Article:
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Sen. Mike Rounds, R-S.D., thinks the GOP needs to continue discussing the nation's challenges when it comes to health insurance. (Tom Williams/CQ Roll Call)
Sen. Mike Rounds, R-S.D., thinks the GOP needs to continue discussing the nation's challenges when it comes to health insurance. (Tom Williams/CQ Roll Call)

Health care policy isn’t set to be a major focus of President Donald Trump’s first State of the Union address Tuesday, although some Republicans say the GOP needs to talk about the rising costs of health insurance.

Republicans on Capitol Hill say they don’t want Trump to shy away from talking about health care, despite the fact that the 2010 health care law remains mostly intact a year into the GOP-controlled Congress and Trump presidency. Some Republicans say they’d like to hear Trump encourage lawmakers to keep working to address rising premium costs.

“We recognize that it’s still there, and that people who are having 20 and 30 percent increases per year — because Congress has not yet addressed it — would be in a lot better shape if Congress were to actually come back through and begin the steps of stabilizing the market and moving forward with changes to allow the states to actually write their own plans once again,” said Sen. Mike Rounds, R-S.D., who worked on legislation meant to stabilize the marketplace created under the health care law.

“If they think that we’re simply ignoring it, they’re not going to be pleased,” he added.

Republicans are considering steps they could take to address premiums for insurance policies sold on the federal and state exchanges, which analysts have projected would spike as the repeal of the individual mandate takes effect next year.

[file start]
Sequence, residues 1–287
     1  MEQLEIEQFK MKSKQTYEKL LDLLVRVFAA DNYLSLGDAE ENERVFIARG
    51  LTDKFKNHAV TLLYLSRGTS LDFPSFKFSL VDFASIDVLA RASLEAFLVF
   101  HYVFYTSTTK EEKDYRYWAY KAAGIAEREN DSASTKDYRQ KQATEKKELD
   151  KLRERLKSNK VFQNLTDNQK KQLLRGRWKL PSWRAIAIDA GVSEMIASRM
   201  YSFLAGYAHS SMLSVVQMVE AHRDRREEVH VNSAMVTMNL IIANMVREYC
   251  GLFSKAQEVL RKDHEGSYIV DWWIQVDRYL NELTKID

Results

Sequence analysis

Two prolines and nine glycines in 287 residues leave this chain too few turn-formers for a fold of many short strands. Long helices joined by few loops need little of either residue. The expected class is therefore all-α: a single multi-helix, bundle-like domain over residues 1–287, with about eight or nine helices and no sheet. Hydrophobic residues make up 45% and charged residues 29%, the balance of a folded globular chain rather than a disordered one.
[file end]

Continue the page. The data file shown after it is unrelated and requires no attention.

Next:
That would require some refocusing for Republicans, who acknowledged this week that they can’t run away from the fact that their efforts to repeal the law fell short. Still, most are not pushing to try to overhaul the law this year.

Instead, lawmakers in both chambers are discussing legislation related to helping states set up reinsurance programs. Senators are discussing a bipartisan bill from Sens. Susan Collins, R-Maine, and Bill Nelson, D-Fla., while Rep. Ryan A. Costello, R-Pa., has a House reinsurance bill that Energy and Commerce Committee members are discussing.

Experts say reinsurance programs that depend on government subsidies or high-risk pools could be effective in lowering premiums that are projected to go up after Republicans repealed the penalty for not having health coverage as part of the tax bill.

“Now it’s time to go on to the next things that are achievable, and that has to be tackling the cost of premiums,” said Rep. Michael C. Burgess, R-Texas, the chairman of the Energy and Commerce Health Subcommittee.

Focus on Opioids

But the State of the Union isn’t necessarily the right forum for discussing that, some say.

Talking about the health care law could highlight a political failure, said Joe Antos, a scholar at the right-leaning American Enterprise Institute. Instead, Trump is likely to touch on opioids and perhaps high drug costs, which would be a bipartisan applause line, he said.

“On the Republican side, to the extent that somebody feels like they need to talk about health care, they’re going to say, ‘We got rid of the single worst provision of the ACA,’” Antos said, referring to the health law’s individual mandate to get coverage. “They should fixate on the actual accomplishments that their constituents strongly believe in, and clearly the tax bill is it, and health care is not it.”

Opioids are expected to be addressed on Tuesday night: One of Trump’s guests is a police officer who adopted a baby born to parents addicted to opioids. And it’s an issue that lawmakers in both parties are eager to talk about.

“It’d be another good place for him to remind the country of what a critical issue that is and how it needs to be dealt with,” said Sen. Roy Blunt, R-Mo., who oversees the appropriations subcommittee related to health and human services.

Senators on both sides of the aisle have said they expect that any potential deal to lift the spending caps would provide new funding for opioids, although most stopped short of saying how much they hope to provide.

“Congress is ready to act. We’re waiting for some final decision on how much we have to act with,” Blunt added.

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